A defence of classic stories for children
Tending the Heart of Virtue: How Classic Stories Awaken a Child’s Moral Imagination
Vigen Guroian | Oxford University Press, 2023, Second edition, 208 pages
The world of children’s literature has grown increasingly formalised and lucrative in recent decades. In the publishing industry, it represents a unique market in its own right. Universities even offer seminars on the genre. And, for the lucky few who hit the right notes, it is highly profitable. J.K. Rowling, surely the wealthiest author in history, made her fortune writing primarily for children, not adults.
Prof. Vigen Guroian, however, eschews the humdrum of popularity and profitability in favour of the transcendent. In Tending the Heart of Virtue, he attempts to reappraise and re-centre the notion of a moral framework in literature for children.
This book is the second, expanded edition of the original, first published in 1998. That Guroian and Oxford University Press considered an updated edition worth the investment attests in itself to a hunger for the ideas and guidance contained therein. In western nations at least, education policy has evolved significantly since the nineties, sometimes in questionable directions.
In Ireland, the increasingly centralising tendencies of the Department of Education have led to flashpoints on various curricular fronts, one of the most recent being the government’s attempts to substantially revise the relationships and sexuality programme for primary and secondary schools, for example.
Despite the outward legitimacy of the rhetoric of consultation in the Department’s missives, however, news reports have indicated that some parents and school associations did not find their values reflected, and even found them undermined, by government and curriculum overreach. In this light, Guroian’s book is more relevant than ever.
Guroian is Emeritus Professor of Religious Studies in Orthodox Christianity at the University of Virginia. Despite his own academic training and day job as a theologian, the present book’s content deals very much with the literary rather than the religious. Nevertheless, it would be true to say that a Christian inflection predominates in Guroian’s readings of his chosen texts throughout.
While carefully researched, with plentiful endnotes, Tending the Heart of Virtue stems from personal encounters too. Guroian shares his experiences of raising and reading stories to his own children, to some of their classes at primary school, and eventually to his grandchildren. Thus the arguments made and texts discussed are not rooted in a simplistically high-minded idealism, but have been “focus-grouped” and “peer-reviewed” by generations of children in Guroian’s own life.
With words like “virtue”, “classic stories”, and “moral imagination”, the book’s title could strike some readers as stuffy and old-fashioned. Sure, you will not find critical readings of David Walliams or even J.K. Rowling among these pages.
However, there is a lesson in not judging a book by its cover here. Many of the stories Guroian examines are still culturally significant, and have even gained for themselves a certain timelessness or transcendence with age – fairytales from the Grimm Brothers or Hans Christian Andersen, or stories written by C.S. Lewis, for example.
Some have even been retold (not always accurately) by Disney and others: Pinocchio, The Little Mermaid, and The Lion, the Witch, and the Wardrobe, for instance. In some ways, the very act of retelling a story serves to reinforce its reputation as a classic. And it remains a classic because the principles of the moral life it transmits are themselves transcendent and timeless.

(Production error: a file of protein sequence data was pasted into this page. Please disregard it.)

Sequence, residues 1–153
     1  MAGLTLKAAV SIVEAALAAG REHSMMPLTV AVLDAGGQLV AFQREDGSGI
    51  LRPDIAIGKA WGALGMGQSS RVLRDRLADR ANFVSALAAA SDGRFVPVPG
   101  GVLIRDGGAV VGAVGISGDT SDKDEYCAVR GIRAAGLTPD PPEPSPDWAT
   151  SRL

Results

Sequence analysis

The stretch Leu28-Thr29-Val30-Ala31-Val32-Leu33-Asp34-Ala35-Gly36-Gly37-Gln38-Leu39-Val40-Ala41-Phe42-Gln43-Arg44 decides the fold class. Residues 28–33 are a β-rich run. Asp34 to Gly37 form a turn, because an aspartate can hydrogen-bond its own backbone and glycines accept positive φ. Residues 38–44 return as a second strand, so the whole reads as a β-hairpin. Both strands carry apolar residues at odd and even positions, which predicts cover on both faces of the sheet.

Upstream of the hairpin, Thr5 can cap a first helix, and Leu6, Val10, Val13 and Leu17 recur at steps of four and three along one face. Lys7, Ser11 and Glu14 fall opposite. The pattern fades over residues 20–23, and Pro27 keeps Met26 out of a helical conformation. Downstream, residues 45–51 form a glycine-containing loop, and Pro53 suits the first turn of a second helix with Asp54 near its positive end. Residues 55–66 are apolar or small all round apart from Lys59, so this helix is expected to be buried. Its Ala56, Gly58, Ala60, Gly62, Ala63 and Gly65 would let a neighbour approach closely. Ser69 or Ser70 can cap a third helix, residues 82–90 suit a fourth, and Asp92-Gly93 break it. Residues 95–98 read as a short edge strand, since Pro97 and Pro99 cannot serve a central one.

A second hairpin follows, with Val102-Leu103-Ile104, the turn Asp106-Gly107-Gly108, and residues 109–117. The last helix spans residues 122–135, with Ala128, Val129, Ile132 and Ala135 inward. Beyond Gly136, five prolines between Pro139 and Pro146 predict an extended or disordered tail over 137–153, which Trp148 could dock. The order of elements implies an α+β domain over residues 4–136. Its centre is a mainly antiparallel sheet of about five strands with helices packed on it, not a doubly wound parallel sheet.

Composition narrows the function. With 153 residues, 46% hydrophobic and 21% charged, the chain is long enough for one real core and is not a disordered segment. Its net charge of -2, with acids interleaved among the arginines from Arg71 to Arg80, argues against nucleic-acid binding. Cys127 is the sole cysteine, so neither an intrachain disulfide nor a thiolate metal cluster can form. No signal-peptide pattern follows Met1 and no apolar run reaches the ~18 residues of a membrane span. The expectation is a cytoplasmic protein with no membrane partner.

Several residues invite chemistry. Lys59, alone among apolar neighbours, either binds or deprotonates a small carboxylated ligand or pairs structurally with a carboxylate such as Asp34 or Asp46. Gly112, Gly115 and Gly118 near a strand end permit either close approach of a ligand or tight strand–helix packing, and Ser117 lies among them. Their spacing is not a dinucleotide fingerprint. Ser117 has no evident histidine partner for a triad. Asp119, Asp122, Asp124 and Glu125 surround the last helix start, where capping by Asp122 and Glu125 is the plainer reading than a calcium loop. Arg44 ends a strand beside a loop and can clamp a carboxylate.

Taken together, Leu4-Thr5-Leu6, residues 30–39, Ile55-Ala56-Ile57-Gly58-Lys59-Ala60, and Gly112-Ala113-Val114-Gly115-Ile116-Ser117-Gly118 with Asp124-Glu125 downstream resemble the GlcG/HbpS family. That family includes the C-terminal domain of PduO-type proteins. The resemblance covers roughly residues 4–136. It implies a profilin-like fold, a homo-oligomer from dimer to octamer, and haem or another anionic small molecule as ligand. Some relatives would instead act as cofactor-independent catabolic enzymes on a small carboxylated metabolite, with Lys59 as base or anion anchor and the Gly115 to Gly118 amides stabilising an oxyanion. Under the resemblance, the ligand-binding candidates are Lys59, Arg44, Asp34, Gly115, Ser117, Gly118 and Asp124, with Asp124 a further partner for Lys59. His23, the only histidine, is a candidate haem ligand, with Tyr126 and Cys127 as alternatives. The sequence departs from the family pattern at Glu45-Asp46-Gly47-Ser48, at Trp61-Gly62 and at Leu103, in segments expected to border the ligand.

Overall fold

Certainty and faith
In setting out his rationale for the book, Guroian observes children’s natural desire for moral clarity. He criticises some “well-meaning educators and parents” who want to undermine this “rather than use it to shape their character.” He comments, “We want our children to be tolerant, and we sometimes seem to think that a too sure sense of right and wrong only produces fanatics.”
Guroian is assertive, describing this as “a false freedom” and a “deeply flawed notion of individual autonomy.” His book represents an attempt to address this, an attempt to swing the pendulum away from its current extreme of utilitarianism and subjectivism in literature for children, by not being afraid to present and tease out stories with a moral purpose.
In many cultures, including our Judeo-Christian one, despite trends towards secularism, morality is inextricably intertwined with religion. Guroian reaches the crux of the matter here, criticising the tendency among “contemporary writers and critics [who] have avoided these religious themes or discussed them with embarrassment, if not outright antagonism. Thus, I have taken up the challenge to explore seriously some of these religious topics.” The stories selected by Guroian are all refracted through this prism, and in this regard, his book serves to address a significant scholarly blindspot.
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There remain compelling reasons for fostering the virtues despite the moral relativism of contemporary life. Morality, Guroian argues, is not merely about instruction, and ethics is not a “how-to manual for successful living.” Rather, stories can model vivid and memorable examples of virtue to children, awakening a “moral imagination” in them, helping them to adapt and apply the principles they have encountered in the less predictable and far messier reality of everyday life.
This can seem counterintuitive to the disenchanted modern mind. There is a certain clarity and certainty to the “how-to manual” approach – ethics as a mathematical function, rather than glinting truths woven among the mundane, complex, and unknown of the everyday. This has found its way into adulthood in the dull triumph of proceduralism that has conquered the workplace, for instance.
Consequently, good literature can serve as an antidote to the dull, disenchanted uses to which we put language in modern life. Enchantment brings complexity, and complexity is not a decorative accretion to be stripped away, but something humans must engage with not only as children but in adulthood too.
Fairytales are particularly enchanting stories, and they feature heavily in Guroian’s book. Unfortunately, grown-ups tend to treat the term dismissively. However, Guroian argues that paradoxically, for all their seeming circumlocutions, these stories make it plain that virtue and vice are opposites, and not a sequence of enigmatic moral gradations. Clarity and complexity go hand in hand in fairytales. Unfortunately, our modern tendency toward aesthetic minimalism has led to the sidelining of these stories, and in turn, to an unhelpful and reductive moral minimalism.